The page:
An article dated Sept. 1 on the Library Journal (LJ) Web site, observes that "Reviewing is no longer centralized, with a few big voices leading the way, but fractured among numerous multifarious voices found mostly on the web."
The article, written by Barbara Hoffert, clocks 1,561 consumer reviews for Stieg Larsson's The Girl with the Dragon Tattoo on amazon.com, with 682 more reviews on the Web site LibraryThing.com.
On Facebook, readers have the Living:Social app to create consumer reviews. There is also a group of us who leave posts on the facebook page of the Lake County Library involving books that are in its catalog. Some of my best online conversations with other users involve comparing our impressions of books.
I'm delighted by the proliferation of viewpoints on the Internet but I still enjoy reading reviews in traditional news media. Lake County readers have an opportunity to submit reviews to the Record-Bee for its "Readers Recommend."
Hoffert says, "Anyone can blog, or post a consumer rating or review, or register an online comment, but, famously, not every blog is bearable reading, not every consumer review insightful, not every comment exactly what's needed to nail the book. Some judgments are worth more than others; the question is how we judge."
I don't automatically assign authority to a reviewer just because he or she is on staff, versus a self-appointed contributor. I want to know if the reviewer can articulate sound reasons instead of merely saying, "I liked this book."
For me, the value of a traditional review isn't so much about the reviewer, as it is about the fact that at least one other set of eyes has cleaned up spelling or grammatical errors. To see an opinion rendered in all caps or that misuses words tends to discourage me from trusting that reviewer to have anything of value to say.
Hoffert cites the observation by LJ reviewer Stacy Alessi about one "high-profile consumer reviewer": "Would anyone seriously into books even look at her reviews? The woman reads several books a day and loves, loves, loves them all. Ridiculous."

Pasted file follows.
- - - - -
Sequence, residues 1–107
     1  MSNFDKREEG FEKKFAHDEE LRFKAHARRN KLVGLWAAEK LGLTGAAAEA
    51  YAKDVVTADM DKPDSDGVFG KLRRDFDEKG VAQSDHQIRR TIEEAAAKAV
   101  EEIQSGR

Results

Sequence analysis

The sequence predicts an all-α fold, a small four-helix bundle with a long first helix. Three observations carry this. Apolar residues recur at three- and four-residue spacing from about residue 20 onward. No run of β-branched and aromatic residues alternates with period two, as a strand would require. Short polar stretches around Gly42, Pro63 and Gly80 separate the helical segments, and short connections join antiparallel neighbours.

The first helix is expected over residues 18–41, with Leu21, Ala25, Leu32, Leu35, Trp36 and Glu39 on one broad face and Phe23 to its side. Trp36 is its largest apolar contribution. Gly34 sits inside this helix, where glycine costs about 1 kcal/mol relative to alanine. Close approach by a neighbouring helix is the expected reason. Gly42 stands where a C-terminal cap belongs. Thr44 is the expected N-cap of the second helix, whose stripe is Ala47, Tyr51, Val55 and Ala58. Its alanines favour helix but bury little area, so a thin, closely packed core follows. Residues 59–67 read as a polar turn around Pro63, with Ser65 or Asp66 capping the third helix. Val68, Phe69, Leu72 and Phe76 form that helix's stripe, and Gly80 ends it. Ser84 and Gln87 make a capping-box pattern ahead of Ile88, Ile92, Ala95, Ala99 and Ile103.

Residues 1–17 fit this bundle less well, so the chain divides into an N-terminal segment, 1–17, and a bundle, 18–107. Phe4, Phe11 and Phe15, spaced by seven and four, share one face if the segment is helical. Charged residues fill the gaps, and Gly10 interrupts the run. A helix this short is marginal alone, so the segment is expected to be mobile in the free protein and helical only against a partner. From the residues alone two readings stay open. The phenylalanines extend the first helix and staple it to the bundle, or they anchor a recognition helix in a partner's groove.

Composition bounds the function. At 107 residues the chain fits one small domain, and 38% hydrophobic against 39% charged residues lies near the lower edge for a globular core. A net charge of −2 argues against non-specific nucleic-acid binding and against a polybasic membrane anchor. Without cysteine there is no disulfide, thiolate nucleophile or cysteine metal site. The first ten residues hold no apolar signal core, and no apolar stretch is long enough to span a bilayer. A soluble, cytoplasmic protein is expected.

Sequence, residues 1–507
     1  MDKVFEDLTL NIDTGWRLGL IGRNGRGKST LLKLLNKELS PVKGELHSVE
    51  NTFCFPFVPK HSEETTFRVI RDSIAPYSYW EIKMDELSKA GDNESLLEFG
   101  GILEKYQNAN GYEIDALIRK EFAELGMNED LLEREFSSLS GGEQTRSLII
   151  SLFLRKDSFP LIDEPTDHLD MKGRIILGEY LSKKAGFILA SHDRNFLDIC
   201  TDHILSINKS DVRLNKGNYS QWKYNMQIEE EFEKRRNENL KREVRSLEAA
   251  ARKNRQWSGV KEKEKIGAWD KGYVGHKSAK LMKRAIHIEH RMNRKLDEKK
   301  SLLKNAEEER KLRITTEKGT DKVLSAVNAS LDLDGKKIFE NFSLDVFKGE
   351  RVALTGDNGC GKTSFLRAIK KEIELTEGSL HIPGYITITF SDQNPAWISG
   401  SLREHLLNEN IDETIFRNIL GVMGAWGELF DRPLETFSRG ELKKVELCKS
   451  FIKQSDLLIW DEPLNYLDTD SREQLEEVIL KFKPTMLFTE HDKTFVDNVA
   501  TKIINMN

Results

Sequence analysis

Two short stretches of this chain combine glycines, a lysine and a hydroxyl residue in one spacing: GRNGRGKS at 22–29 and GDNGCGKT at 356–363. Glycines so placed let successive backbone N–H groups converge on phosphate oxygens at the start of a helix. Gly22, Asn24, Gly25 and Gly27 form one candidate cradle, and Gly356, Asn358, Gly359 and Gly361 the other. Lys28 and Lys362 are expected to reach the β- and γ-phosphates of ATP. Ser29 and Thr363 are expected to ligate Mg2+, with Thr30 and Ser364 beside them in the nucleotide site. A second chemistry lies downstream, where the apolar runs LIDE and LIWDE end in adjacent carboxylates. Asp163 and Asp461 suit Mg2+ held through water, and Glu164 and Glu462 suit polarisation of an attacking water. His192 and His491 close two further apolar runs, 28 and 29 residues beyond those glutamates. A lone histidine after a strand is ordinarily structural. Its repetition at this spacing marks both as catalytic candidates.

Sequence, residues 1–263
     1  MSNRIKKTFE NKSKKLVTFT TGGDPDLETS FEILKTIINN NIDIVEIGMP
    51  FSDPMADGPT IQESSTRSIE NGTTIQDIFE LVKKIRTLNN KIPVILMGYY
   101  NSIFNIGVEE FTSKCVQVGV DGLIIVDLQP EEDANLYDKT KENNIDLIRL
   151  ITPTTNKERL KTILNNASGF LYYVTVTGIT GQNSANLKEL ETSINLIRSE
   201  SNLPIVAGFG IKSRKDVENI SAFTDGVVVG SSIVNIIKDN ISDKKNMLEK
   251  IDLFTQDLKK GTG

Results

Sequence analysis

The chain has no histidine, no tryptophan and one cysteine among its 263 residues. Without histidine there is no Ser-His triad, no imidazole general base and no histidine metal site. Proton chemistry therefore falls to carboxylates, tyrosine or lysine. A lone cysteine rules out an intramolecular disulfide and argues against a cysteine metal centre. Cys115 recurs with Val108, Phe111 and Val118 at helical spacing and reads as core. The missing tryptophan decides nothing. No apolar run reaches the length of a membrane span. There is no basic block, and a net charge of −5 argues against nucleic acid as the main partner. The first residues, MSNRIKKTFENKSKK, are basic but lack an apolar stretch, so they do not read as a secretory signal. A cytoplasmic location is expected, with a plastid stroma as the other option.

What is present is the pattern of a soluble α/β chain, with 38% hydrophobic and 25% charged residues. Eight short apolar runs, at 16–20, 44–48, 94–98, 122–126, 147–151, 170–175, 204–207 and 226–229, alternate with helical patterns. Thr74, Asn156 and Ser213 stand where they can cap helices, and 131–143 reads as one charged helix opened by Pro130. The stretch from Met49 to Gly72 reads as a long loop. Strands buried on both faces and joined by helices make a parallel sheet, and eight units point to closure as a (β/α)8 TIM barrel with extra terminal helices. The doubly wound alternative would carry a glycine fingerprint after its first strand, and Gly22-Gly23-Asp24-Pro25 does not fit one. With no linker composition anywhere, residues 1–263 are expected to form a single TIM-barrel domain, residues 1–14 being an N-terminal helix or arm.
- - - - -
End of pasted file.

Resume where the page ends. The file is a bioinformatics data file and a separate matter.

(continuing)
I've written several reviews over the years in the Lake County Record-Bee but I've also posted consumer reviews in less-formal mediums. I enjoy an advantage in the former situation of my opinion being courted because I'm on the staff of a newspaper, but even so, I don't review every book that is sent to me.
If the book is by a local author, I will try to publicize the book and any planned author signings but that does not mean I am committing myself to read and review the book.
To be honest, not every book is of interest to me. Some books are on subjects that I know nothing about and I don't believe that I can contribute a valuable, informed opinion.
Other books, which arrive out of nowhere, turn out to be fabulous reads: Dark's Tale by Deborah Grabien stands out in my mind in this category. That it came here seems pure serendipity, because I don't know who sent me the uncorrected proof. But I loved the book, I wrote a column and I also submitted a purchase recommendation to the Sonoma County Public Library, which hosts our library catalog.
Subject Classifications (Partial list, via Dewey Decimal System)
- 006.754-Social Media
- 020-Library and Information Science
- 020.92-Cynthia M. Parkhill (Biographical)
- 023.3-Library Workers
- 025.04-Internet Access
- 027.473-Public Libraries
- 027.663-Libraries and people with disabilities
- 027.8-School Libraries
- 028.52-Children's Literature
- 028.535-Young Adult Literature
- 028.7-Information Literacy
- 158.2-Social Intelligence
- 323.30-People with disabilities--Civil rights
- 658.812-Customer Service
- 659.2-Public Relations
- 686.22-Graphic Design
- 809-Literature--Critical Appraisal